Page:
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Comment: Re:Another Shitty Summary. (Score 2) 327

by SurfsUp (#40707171) Attached to: Microsoft Posts First Quarterly Loss Ever

They're not going to die this year, but they do have a long decline ahead of them, just like IBM in the 90s.

Unlike IBM they won't pull out of it because they have no lucrative hardware business to fall back and no loyal stable of clients to turn themselves into a service operation. And unlike IBM, who only earned the hatred of a few thousand professionals, Microsoft has earned the hatred of millions and is still working on it.

For Microsoft, this ends at $0 per share.

Comment: Re:Mod Up: Informative (Score 1, Informative) 327

by SurfsUp (#40707055) Attached to: Microsoft Posts First Quarterly Loss Ever

It's not from their "continued struggles", it's from a single acquisition 5 years ago.

Why do we keep hearing this tired apology over and over again? Aquantive was worth $6.2 billion on the day it was bought then slowly bled bit by bit until it was worth zero. What bled away was its "good will" (aka expected income) as it became increasingly apparent that Microsoft was unable to leverage Aquantive's auction model in the same way that Google had leveraged Applied Semantics.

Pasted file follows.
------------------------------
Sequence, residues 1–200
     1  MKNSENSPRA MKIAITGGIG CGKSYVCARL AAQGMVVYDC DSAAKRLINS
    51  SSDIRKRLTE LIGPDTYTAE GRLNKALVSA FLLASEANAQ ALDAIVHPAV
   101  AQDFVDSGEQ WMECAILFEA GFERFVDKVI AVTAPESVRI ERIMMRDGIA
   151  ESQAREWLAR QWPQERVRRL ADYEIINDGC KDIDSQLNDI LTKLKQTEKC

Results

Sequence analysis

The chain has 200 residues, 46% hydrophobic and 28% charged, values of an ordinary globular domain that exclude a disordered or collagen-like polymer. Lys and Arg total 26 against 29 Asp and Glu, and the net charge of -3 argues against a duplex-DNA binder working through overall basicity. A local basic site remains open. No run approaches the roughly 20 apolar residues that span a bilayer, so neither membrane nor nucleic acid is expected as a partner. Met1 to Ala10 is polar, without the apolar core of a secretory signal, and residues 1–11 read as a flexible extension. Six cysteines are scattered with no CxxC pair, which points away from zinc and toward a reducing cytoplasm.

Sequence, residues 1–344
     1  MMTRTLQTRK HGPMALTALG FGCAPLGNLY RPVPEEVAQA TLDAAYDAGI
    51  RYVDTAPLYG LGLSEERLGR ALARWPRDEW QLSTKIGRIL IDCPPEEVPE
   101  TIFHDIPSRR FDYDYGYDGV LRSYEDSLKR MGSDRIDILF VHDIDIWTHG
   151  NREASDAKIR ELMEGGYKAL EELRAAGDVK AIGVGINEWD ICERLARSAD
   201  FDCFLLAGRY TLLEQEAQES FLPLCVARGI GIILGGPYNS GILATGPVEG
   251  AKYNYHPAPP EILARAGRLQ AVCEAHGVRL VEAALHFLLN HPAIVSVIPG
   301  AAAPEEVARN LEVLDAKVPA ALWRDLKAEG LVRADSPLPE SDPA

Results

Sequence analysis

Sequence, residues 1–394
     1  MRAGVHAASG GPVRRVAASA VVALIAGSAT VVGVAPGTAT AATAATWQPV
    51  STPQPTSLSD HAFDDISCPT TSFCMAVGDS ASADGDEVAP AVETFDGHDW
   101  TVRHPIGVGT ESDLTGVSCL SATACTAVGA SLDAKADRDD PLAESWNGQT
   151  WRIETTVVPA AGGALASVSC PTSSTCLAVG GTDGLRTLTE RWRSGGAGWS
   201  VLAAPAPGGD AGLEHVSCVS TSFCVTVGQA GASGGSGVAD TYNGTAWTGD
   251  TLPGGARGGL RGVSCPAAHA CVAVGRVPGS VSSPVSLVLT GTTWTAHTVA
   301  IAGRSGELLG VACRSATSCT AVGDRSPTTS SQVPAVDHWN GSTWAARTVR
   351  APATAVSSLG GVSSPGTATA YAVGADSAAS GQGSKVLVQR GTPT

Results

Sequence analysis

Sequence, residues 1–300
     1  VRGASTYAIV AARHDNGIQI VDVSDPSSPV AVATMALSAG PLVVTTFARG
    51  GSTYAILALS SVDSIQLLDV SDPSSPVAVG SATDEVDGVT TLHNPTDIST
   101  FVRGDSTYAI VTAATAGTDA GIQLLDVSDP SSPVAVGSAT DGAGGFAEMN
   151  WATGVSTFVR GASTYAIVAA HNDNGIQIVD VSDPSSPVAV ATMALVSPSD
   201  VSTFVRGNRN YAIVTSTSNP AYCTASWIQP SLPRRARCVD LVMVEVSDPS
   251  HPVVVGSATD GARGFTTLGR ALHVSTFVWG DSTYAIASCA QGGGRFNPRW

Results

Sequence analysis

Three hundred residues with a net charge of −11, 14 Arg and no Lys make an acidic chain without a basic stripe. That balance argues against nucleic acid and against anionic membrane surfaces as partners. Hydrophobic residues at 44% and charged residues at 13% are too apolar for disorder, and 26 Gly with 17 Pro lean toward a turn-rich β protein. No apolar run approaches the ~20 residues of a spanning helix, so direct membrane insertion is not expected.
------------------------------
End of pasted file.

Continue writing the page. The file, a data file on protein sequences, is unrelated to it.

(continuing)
Comment: Re:Yay! (Score 0) 327

by SurfsUp (#40706811) Attached to: Microsoft Posts First Quarterly Loss Ever

I actually read TFA and it said they lost $6B due to a bad acquisition and that's why the quarterly profits were where they were.

See, the real story here is that Microsoft has been concealing this loss by carrying Aquantive on its books at far more than its real value. They did this in order to make their quarterlies look better than they actually are, therefore support the stock price. Microsoft hoped that the market would then regard this as a one-time expense (when it was really an ongoing loss over a period of years) and thus forgive them. And judging from the aftermarket movement, this strategem has worked perfectly. Whether it is legal is entirely another question. The word "fraud" comes to mind.

Even if Microsoft gets away with this, which they probably will, one fact can't be denied: Microsoft is weakening. The upcoming Windows 8 debacle should put the icing on the cake.

Comment: Apple no longer a product company (Score 1) 306

by SurfsUp (#40682039) Attached to: Apple Wins Mobile Patent On Displaying Lists, Documents

Let's take inventory. IPhone 4s. A minor upgrade. Ipad 3. A minor upgrade, and a downgrade in terms of weight, thickness and battery life. New products. None.

OK, I think I can see the pattern now. Apple plans to milk its existing assets for everything they're worth and has no intention of creating new ones. That would cost money, you see.

Comment: Re:Meego? (Score 1) 63

by SurfsUp (#40669923) Attached to: MeeGo Startup Jolla Signs Phone Deal

Probably doesn't matter in China, but they need a better name all the same. I don't doubt one will land presently. Remember, the Meego name came from a bunch of Nokia and Intel marketdroids. I doubt they have any love for it, other than as a way to identify their particular technology base so people don't think they're totally whacked.

Simplicity does not precede complexity, but follows it.